Stroke Risk May Fluctuates with Body Mass Index Changes
A healthy body mass index was associated with a higher ischemic stroke risk compared with a high body mass index.
Findings from a recent study suggest that types of strokes, ischemic and hemorrhagic, have a different risk profile that may be influenced by body mass index.
It is well-known that obesity increases stroke risks, specifically the common ischemic stroke. However, the relationship with hemorrhagic strokes and obesity has not previously been clear.
In a study published by Neurology, scientists examined the associations between a high body mass index and stroke. Included in the study were 1.3 million women in the UK with an average age of 57-years-old who were followed for 12 years.
Over the course of the study, 20,549 patients had a stroke. Of the 344,534 patients with a healthy body mass index (between 22.5 and 25%), only 2253 (0.7%) had an ischemic stroke, and 1583 (0.5%) had a hemorrhagic stroke.
Of the 228,274 patients with obesity (body mass index of 30 or more), 2393 (1%) had an ischemic stroke, and 910 (0.4%) had a hemorrhagic stroke. They found that each category of higher body mass index increased the risk of all types of strokes.
A 5-unit increase in body mass index was associated with a 21% increase in ischemic stroke risk, and a 12% increase in hemorrhagic stroke risk, according to the study. Interestingly, women with obesity were seen to have a higher risk of ischemic strokes compared with women with lower body mass indexes.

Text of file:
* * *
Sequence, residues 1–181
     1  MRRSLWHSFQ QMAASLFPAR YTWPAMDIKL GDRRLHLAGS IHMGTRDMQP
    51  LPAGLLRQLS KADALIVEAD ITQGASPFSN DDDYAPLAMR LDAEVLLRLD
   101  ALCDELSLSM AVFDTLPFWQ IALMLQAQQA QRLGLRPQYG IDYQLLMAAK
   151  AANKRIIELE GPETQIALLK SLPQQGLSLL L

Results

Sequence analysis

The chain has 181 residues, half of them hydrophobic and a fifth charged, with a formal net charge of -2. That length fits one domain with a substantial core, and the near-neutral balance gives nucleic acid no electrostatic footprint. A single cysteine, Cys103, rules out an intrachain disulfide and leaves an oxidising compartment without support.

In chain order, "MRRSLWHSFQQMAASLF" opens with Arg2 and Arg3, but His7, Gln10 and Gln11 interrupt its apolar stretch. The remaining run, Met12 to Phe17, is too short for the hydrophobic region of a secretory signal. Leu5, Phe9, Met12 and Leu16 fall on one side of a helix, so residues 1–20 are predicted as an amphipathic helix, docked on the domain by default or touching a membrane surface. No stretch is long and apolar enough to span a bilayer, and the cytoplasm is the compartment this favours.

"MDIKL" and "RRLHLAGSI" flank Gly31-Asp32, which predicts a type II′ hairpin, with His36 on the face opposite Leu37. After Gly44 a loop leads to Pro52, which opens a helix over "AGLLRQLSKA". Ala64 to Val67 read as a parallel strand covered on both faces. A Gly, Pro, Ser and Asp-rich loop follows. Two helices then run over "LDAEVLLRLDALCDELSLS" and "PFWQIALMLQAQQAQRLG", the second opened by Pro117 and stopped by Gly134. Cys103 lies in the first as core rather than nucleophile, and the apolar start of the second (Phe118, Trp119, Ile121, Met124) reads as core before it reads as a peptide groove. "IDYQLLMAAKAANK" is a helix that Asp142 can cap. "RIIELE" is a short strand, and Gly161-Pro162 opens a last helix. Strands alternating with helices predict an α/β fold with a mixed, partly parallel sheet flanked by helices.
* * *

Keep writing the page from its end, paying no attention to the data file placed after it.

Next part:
Although these women had a lower risk of the more serious hemorrhagic stroke, the overall stroke risk was not lessened with a higher body mass index.
“Higher body mass index, or BMI, was not associated with protection or reduced risk of total stroke,” said researcher Kathryn Rexrode, MD, MPH. “Obesity is a substantial stroke risk factor for all ages and even more alarming for young adults.”
These findings suggest that ischemic and hemorrhagic strokes may be associated with different risks, according to the study. A high body mass index has also been shown to accelerate brain aging by as much as 10 years; therefore, weight control may be an important factor in preventing adverse effects on the brain.
“It is important to understand the differences in risk factors for hemorrhagic and ischemic stroke,” Dr Rexrode concluded. “However, this report emphasizes the importance of obesity as a risk factor for total stroke. In order to improve public health, we need far-reaching efforts for the prevention and management of obesity.”